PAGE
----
College, Week St Mary
The college was founded and built by Thomasine Bonaventure (c. 1470 – c. 1530), to honour the village of her birth. A remarkable character, Thomasine moved to London and married Richard Bunsby, a wool merchant, and after his death two further marriages increased her fortune substantially, and she ended as Lady Percival. Her third husband died in 1504 and Thomasine moved back to Week St Mary.
Lady Percival founded the school at Week St Mary in 1506, and it is thought to be the first school founded by a secular lady. She settled a stipend for the schoolmaster, who was to be a graduate of Oxford or Cambridge and for prayers to be said for her soul in the parish church of St Mary.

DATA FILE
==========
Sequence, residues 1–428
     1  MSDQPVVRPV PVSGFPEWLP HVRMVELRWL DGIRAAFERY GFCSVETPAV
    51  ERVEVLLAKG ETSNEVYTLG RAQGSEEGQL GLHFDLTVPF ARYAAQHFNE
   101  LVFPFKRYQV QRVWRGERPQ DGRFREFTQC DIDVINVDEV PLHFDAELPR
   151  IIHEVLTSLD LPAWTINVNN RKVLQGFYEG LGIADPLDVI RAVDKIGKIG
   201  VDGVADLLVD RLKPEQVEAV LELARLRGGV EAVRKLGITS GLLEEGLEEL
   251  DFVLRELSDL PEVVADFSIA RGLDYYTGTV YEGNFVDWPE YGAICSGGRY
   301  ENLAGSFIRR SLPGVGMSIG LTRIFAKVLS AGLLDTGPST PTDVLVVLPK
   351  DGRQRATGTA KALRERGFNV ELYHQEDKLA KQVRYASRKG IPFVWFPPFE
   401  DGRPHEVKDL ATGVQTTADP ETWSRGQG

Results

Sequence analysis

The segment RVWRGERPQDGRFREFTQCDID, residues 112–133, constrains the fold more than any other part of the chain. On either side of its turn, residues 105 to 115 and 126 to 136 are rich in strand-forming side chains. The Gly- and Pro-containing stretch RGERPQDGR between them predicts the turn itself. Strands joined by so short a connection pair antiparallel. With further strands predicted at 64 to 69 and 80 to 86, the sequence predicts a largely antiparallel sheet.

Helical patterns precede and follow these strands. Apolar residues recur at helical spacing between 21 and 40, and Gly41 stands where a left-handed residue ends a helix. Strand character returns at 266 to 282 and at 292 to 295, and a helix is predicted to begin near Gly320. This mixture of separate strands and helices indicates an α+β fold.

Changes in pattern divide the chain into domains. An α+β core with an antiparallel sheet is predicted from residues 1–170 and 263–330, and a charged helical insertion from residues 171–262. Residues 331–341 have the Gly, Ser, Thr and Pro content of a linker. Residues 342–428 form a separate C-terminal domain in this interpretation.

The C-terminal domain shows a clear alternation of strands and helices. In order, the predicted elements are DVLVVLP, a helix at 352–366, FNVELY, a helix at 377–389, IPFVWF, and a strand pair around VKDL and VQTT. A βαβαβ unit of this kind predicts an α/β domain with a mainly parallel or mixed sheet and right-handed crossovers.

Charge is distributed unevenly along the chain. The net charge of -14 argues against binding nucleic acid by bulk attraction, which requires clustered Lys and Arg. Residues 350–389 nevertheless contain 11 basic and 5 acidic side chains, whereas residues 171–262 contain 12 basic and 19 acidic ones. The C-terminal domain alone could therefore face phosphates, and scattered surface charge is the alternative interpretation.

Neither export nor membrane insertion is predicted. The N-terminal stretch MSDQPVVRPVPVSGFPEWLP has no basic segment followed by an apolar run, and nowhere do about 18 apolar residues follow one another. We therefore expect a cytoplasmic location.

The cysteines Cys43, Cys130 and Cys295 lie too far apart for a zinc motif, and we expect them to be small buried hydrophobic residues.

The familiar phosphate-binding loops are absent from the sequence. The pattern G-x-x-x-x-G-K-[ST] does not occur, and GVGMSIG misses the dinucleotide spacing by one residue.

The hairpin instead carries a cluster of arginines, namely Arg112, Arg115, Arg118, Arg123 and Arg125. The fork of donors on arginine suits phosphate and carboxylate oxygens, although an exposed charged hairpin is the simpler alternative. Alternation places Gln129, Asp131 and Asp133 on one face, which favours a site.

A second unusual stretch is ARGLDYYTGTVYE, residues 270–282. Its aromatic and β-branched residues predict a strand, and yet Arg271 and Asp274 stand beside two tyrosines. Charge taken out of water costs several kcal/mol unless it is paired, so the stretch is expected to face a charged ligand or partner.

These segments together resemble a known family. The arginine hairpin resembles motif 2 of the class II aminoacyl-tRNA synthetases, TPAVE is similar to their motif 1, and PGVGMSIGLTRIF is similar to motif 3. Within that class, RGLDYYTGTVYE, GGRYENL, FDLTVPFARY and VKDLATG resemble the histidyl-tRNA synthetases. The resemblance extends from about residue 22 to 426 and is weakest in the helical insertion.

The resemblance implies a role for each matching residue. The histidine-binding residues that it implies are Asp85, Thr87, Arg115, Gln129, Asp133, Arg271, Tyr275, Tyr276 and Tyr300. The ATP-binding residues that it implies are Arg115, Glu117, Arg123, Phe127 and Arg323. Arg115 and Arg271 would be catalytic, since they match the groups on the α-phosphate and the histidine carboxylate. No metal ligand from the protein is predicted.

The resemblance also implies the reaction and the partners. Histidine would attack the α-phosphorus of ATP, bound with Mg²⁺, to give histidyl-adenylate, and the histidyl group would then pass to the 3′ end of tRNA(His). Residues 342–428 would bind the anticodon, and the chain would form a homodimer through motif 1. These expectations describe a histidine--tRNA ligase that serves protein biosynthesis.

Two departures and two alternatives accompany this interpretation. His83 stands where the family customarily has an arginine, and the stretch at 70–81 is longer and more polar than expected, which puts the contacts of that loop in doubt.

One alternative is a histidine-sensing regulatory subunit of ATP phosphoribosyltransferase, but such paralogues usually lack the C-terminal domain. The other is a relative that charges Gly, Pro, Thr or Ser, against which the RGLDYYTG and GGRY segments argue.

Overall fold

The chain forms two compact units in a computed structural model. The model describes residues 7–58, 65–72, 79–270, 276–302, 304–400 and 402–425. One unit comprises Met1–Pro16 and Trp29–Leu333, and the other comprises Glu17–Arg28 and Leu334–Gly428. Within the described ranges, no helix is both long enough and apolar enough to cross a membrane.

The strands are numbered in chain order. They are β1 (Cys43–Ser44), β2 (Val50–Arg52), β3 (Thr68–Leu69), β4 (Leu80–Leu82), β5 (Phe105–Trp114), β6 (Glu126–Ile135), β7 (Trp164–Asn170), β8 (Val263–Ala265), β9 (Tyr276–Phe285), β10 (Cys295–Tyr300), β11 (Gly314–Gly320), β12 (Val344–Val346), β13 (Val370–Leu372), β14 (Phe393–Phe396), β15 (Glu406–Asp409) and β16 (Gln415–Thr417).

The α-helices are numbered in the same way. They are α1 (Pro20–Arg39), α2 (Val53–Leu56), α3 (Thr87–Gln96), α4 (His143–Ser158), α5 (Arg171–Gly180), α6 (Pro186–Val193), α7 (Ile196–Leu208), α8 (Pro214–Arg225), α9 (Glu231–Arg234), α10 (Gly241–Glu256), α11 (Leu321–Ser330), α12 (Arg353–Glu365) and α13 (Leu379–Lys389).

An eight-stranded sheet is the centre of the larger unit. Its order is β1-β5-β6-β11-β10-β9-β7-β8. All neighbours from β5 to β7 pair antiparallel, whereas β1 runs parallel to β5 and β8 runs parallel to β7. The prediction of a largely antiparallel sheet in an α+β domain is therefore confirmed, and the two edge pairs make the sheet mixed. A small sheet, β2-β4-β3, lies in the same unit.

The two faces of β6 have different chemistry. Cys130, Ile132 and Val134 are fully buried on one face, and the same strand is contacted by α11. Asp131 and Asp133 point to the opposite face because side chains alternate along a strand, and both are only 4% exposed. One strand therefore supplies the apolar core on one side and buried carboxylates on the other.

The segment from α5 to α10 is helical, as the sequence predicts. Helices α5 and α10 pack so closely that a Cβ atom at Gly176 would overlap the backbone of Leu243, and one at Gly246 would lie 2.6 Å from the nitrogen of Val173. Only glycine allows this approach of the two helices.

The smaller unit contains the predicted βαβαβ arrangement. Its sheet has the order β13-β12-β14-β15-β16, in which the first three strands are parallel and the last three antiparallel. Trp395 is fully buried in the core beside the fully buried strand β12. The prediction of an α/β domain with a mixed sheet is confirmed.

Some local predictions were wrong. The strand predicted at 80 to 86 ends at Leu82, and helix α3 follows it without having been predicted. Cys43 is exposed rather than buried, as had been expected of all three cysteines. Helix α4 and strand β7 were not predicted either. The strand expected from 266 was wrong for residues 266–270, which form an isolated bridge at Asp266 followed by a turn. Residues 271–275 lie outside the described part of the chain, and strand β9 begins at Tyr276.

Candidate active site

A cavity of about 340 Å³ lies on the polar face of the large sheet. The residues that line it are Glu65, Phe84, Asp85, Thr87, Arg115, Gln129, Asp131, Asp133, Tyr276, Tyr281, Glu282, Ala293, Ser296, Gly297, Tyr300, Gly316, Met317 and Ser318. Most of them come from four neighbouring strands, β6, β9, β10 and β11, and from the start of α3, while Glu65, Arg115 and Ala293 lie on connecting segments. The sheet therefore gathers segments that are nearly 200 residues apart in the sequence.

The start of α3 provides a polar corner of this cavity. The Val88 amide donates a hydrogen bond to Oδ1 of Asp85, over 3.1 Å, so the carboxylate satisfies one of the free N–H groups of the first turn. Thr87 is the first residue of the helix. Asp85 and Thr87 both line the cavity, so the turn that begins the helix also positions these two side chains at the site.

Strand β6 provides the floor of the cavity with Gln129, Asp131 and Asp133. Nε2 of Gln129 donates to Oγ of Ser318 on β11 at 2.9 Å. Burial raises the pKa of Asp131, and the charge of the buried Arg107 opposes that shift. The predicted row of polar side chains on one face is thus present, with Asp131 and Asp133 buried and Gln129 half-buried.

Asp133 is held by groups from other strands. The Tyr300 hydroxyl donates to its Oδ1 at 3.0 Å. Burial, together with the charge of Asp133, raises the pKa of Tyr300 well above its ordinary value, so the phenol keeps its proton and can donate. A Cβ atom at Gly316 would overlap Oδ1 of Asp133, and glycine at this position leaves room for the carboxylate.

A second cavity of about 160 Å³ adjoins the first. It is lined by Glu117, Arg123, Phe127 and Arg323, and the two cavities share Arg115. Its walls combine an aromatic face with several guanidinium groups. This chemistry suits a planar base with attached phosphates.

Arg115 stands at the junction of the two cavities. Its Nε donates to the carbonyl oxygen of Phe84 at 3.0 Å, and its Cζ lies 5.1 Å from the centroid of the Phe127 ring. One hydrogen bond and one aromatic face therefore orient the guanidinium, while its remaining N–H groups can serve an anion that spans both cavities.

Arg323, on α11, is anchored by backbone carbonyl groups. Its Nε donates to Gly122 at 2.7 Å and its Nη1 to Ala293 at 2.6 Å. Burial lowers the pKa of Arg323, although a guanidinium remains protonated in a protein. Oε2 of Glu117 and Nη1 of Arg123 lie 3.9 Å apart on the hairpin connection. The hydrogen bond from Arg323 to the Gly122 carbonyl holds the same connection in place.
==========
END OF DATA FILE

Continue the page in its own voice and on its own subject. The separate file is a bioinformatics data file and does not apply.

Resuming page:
The chantry element was suppressed at te Reformation, under King Henry VIII, but the school remained active. However during the reign of King Edward VI, in 1548, the buildings were found to be much decayed and the school was moved to Launceston.
Over the next centuries the buildings passed through a number of landed families, but in time they were robbed of stone: Tudor carved stone can be found in the walls of a number of local cottages. Much of the old school disappeared. In the late twentieth century the Landmark Trust bought the Old College.
The old school room is now all together a large sitting and dining room with a huge open fire and thick stone walls.